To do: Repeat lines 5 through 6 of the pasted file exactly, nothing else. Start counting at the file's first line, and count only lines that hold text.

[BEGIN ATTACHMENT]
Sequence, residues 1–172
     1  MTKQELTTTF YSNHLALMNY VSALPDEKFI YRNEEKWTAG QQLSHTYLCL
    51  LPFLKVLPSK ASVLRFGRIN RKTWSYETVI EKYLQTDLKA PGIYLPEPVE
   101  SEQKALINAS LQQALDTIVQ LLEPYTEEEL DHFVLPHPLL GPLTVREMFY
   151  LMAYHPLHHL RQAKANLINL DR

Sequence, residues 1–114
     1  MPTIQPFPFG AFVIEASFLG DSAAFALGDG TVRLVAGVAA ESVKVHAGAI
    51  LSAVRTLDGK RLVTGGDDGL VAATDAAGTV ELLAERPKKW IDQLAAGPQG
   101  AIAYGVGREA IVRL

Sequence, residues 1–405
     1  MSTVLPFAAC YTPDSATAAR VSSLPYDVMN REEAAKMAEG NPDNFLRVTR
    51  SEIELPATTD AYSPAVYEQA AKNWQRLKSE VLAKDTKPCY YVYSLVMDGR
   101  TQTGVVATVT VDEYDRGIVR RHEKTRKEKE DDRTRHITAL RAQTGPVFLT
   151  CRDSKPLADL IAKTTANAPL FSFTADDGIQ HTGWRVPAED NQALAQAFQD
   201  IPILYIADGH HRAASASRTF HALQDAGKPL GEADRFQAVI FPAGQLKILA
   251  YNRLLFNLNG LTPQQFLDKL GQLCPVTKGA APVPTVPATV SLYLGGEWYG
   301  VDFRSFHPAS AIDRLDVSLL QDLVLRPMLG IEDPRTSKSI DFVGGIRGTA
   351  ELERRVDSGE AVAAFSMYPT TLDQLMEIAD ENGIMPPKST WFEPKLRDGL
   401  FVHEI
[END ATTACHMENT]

   151  LMAYHPLHHL RQAKANLINL DR

Sequence, residues 1–114